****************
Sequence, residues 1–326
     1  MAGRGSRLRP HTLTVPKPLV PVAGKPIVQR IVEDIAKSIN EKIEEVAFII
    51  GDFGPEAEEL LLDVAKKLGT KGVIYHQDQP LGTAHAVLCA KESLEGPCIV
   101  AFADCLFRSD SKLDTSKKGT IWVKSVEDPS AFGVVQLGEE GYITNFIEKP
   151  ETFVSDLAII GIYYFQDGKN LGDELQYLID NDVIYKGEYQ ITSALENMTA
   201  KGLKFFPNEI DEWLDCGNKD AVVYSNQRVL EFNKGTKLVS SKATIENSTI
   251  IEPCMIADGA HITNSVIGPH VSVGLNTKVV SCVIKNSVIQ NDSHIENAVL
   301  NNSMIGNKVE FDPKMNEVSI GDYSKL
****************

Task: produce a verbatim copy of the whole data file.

Sequence, residues 1–326
     1  MAGRGSRLRP HTLTVPKPLV PVAGKPIVQR IVEDIAKSIN EKIEEVAFII
    51  GDFGPEAEEL LLDVAKKLGT KGVIYHQDQP LGTAHAVLCA KESLEGPCIV
   101  AFADCLFRSD SKLDTSKKGT IWVKSVEDPS AFGVVQLGEE GYITNFIEKP
   151  ETFVSDLAII GIYYFQDGKN LGDELQYLID NDVIYKGEYQ ITSALENMTA
   201  KGLKFFPNEI DEWLDCGNKD AVVYSNQRVL EFNKGTKLVS SKATIENSTI
   251  IEPCMIADGA HITNSVIGPH VSVGLNTKVV SCVIKNSVIQ NDSHIENAVL
   301  NNSMIGNKVE FDPKMNEVSI GDYSKL